Vector Derivatives

1. Jul 11, 2009

jeff1evesque

1. The problem statement, all variables and given/known data
Given the equation $$\vec{P} = t^{3}\hat{x} + 5t^{2}\hat{y} + 10t\hat{z}$$

The tangent to the curve is $$3\hat{x} + 10\hat{y} + 10\hat{z}$$
When evaluated at t = 1, we get $$3t^2 \hat{x} + 10t \hat{y} + 10\hat{z}$$

If we take the dot product of the equation "tangent to the curve" with the same equation evaluated at t = 1 and set it to zero, we get value(s) of t where they are perpendicular.
$$9t^2 +100t +100 = 0$$,
which would give us two roots t = -10, and t = -10/9.

Could someone explain to me why "we get value(s) of t where they are perpendicular", and how they are perpendicular?

What if we had a cubed root [or higher]. If we followed the same steps, would we get values that would be perpendicular? What exactly is perpendicular?

2. Jul 11, 2009

n!kofeyn

(Your "tangent to the curve" and "when evaluated at t=1" equations need to be switched).

Two vectors are perpendicular if and only if their dot product is zero. This exercise seems to be just getting you acquainted with taking derivatives of curves and using the dot product. You took the dot product of an equation of vectors with a vector and set it equal to zero. By solving for your parameter t, you found all the vectors in your "equation of vectors" that are perpendicular to the other vector. The two vectors you found are perpendicular to 3x+10y+10z and you can check that they are by taking their dot product. Just take t=-10 for example. Now take the dot product of 3x+10y+10z and 3(-10)2x+10(-10)y+10z and you should get zero, if you did your work right.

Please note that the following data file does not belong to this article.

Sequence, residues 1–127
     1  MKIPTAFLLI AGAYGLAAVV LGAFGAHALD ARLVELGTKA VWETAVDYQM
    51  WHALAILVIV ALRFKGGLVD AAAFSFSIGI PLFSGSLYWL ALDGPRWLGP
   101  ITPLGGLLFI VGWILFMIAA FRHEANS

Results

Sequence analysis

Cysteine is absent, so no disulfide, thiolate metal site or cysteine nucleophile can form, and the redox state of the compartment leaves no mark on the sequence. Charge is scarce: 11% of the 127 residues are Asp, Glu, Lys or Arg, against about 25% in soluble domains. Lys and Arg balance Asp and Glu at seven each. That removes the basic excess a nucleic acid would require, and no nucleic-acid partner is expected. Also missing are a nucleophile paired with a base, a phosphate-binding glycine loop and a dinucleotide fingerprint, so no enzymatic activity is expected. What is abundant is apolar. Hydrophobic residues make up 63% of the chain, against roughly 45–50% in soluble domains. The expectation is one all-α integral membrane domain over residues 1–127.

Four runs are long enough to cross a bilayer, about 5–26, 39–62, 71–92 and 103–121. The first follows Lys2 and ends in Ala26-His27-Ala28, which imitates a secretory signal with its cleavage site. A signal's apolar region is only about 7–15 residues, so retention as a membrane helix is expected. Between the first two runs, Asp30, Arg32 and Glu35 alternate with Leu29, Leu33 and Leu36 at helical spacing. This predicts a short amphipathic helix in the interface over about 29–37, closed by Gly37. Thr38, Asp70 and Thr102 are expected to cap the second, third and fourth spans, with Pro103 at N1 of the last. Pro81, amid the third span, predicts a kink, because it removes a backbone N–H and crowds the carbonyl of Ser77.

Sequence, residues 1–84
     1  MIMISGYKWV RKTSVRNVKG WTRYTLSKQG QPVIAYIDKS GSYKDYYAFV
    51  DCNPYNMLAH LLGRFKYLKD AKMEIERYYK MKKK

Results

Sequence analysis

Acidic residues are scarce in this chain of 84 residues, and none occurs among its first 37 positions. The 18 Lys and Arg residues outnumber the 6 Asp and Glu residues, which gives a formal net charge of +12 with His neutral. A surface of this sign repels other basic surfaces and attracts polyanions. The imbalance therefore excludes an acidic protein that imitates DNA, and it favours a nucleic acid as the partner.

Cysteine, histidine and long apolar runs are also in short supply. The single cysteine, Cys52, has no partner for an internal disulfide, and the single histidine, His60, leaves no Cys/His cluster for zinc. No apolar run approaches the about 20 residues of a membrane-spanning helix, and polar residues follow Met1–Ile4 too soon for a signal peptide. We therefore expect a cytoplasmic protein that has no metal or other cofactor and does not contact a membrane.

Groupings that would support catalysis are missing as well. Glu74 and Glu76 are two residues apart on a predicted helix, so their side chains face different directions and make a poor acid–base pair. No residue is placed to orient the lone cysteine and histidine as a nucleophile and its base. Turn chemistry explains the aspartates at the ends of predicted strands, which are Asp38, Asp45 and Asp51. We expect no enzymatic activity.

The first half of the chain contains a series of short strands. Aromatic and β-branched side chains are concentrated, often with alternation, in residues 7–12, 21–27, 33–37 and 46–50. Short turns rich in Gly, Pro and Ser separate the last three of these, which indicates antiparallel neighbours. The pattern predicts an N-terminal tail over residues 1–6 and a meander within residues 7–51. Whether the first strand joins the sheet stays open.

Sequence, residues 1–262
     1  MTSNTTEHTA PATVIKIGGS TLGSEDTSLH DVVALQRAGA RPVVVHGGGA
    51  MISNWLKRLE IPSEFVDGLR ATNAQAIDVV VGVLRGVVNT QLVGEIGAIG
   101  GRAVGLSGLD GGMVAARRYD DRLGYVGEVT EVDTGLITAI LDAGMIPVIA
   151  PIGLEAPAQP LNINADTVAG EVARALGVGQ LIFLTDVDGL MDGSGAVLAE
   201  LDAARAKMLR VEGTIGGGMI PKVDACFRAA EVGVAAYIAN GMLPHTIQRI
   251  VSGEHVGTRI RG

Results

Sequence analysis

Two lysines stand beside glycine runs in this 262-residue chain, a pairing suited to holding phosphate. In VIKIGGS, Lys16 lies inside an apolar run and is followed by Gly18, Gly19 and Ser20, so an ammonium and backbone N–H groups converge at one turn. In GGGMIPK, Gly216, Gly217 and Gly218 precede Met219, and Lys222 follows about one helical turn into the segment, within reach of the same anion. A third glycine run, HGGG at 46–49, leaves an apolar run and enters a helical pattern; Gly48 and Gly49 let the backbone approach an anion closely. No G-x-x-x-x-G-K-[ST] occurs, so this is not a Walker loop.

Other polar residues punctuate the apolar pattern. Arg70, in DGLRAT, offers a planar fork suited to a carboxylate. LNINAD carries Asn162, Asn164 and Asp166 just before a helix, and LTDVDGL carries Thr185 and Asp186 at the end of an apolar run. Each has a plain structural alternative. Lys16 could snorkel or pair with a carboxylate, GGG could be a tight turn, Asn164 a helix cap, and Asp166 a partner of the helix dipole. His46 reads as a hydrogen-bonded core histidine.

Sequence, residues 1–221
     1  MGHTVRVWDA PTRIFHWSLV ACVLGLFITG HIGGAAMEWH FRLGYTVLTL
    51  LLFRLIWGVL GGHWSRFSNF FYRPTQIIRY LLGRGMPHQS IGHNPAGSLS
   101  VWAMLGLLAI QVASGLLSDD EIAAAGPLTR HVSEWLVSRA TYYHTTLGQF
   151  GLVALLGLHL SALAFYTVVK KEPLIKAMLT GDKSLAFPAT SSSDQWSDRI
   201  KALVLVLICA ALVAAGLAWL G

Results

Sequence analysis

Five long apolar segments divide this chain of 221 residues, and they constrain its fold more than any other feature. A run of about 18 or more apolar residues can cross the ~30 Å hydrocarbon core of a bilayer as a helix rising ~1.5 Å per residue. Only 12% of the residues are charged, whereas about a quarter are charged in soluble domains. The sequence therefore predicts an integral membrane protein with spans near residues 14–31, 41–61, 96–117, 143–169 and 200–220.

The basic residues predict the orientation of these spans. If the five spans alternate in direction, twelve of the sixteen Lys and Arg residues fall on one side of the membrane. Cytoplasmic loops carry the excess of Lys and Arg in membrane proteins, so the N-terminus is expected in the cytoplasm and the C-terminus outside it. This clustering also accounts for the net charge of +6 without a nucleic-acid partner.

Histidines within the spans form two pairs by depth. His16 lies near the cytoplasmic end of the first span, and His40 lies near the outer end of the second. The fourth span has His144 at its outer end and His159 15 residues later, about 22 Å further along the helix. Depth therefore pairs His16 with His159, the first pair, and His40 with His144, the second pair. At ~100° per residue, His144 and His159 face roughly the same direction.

The geometric definition of perpendicular is: two lines are perpendicular if their intersection forms right angles. For example, if you have the unit circle, the tangent to the circle at the point (0,1) is perpendicular to the tangent at the point (-1,0). Just draw it out.

3. Jul 11, 2009

jeff1evesque

thanks so much,

Jeff

4. Jul 11, 2009

No problem!